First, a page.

Sustainability: Innovative Sweater Re-Design
We are living in a world that excercizes a vast consumption of material goods. These products have short shelf lives and more often than not end up in the dump. We teamed up with students at Heriot-Watt University in Scotland to brainstorm ways to curb this wasteful behavior in a fun and stylish way.
A collaboration formed between myself and two students at, Imogen Broadbridge and Janet Irons, to source used, found, up-cycled and waste garments as the basis for our innovation project. Our intention was to find new ways alter and create garments and accessories that would extend a wardrobe rather than replacing it. We called our project "ThRee-Made".
We unraveled, laser-cut, bonded, needle-punched and felted garments that we found in the backs of our closets to at various thrift stores.
We investigated ways of joining, sculpting and shaping the pieces into collars, cuffs, hoods, legwarmers, and arm warmers. Using the unraveled yarns we knit and crocheted pieces to compliment the laser cut designs.
We investigated ways of joining and fastening the finished pieces on to a base garments that could then be interchanged, swapped and up-dated with current trends. Each piece was designed to work alone or interchangeably together.
This piece was made by first felting several wool sweaters. I cut the blue fair isle sweater into new shapes to make high-necked capelet. The white, black and grey pieces were designed to be modular and interchangeable. These pieces were laser cut and all are exactly the same size and shape. They can be removed and rearranged at will.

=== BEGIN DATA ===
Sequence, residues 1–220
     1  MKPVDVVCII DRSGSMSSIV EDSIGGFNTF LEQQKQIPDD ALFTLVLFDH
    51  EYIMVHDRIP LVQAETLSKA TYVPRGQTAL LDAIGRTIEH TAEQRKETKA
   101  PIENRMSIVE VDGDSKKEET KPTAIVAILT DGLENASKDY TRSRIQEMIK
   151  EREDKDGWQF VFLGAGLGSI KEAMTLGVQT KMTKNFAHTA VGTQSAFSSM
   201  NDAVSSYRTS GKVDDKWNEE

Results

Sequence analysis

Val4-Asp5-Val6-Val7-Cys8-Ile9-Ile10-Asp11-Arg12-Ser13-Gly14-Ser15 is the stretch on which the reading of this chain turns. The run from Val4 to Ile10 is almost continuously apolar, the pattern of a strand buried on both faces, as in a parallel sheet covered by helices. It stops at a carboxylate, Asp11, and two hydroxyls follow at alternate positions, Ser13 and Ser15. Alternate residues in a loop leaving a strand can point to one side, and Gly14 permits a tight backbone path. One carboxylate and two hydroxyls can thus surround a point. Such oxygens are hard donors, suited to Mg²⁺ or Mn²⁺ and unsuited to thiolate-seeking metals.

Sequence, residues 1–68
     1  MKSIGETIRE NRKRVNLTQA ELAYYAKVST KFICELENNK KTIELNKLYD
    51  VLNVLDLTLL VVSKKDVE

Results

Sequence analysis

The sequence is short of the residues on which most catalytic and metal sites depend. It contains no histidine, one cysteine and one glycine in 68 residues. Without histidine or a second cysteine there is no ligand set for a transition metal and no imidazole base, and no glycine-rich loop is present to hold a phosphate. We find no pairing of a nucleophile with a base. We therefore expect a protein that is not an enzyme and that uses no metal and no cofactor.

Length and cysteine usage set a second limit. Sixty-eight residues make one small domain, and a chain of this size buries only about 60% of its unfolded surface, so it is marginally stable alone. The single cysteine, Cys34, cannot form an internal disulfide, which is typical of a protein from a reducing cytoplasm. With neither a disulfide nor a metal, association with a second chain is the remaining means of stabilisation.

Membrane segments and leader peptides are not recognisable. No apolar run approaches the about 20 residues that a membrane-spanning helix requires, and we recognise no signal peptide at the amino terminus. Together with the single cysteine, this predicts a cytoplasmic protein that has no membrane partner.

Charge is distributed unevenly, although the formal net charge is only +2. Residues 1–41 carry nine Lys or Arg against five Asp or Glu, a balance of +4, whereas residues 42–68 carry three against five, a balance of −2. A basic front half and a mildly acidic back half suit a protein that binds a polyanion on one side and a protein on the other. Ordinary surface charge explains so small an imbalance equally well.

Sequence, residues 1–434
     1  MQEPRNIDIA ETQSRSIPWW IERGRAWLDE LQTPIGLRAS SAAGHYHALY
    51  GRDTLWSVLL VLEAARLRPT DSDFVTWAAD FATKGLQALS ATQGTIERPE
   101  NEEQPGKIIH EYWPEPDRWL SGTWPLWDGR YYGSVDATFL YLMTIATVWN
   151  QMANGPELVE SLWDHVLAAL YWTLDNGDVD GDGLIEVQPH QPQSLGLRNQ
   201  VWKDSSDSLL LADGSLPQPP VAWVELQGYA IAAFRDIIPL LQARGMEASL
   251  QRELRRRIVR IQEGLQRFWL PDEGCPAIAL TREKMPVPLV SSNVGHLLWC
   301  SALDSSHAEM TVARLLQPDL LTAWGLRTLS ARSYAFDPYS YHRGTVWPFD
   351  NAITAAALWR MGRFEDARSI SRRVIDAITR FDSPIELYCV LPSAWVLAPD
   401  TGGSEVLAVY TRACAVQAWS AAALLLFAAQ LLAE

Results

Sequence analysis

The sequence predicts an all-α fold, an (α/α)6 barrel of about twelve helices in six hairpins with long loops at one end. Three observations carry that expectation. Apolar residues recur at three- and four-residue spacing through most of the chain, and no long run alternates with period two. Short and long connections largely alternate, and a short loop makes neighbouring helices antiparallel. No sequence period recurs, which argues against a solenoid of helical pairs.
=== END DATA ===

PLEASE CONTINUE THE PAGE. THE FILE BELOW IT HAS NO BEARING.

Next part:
This set was made by deconstructing two different moth eaten cashmere sweaters found at a thrift store. I cut out shapes, avoiding the moth holes to make the hood. The mock turtleneck of one sweater was turned upside down and became the bottom neck hole of the hood. The sleeves were cut off and re-sewn using left over scraps to make long fingerless mitts. This accessories set is meant to be worn for extra warmth on chilly days.
The sleeves were cut off of a worn out sweater found in the back of a closet and turned into legwarmers. To make them fit and look more applealing, a large, natural colored, wool sweater was unraveled and the yarn was re-used to make the crocheted tops. Scraps of felted wool were cut and sewn into flower brooches with felted, button-shaped backs. These all-felt brooches could be worn as additional decoration, fitting into a button hole or through the wide holes in the crocheted legwarmers.
Some of the remaining yarn from the large, natural colored, wool sweater was re-knit into a neck-warmer. Scraps of fabric were sewn into long strips to tie the piece together.
Some of Imogen's and Janet's lovely laser cut collars, modular pieces and fasteners.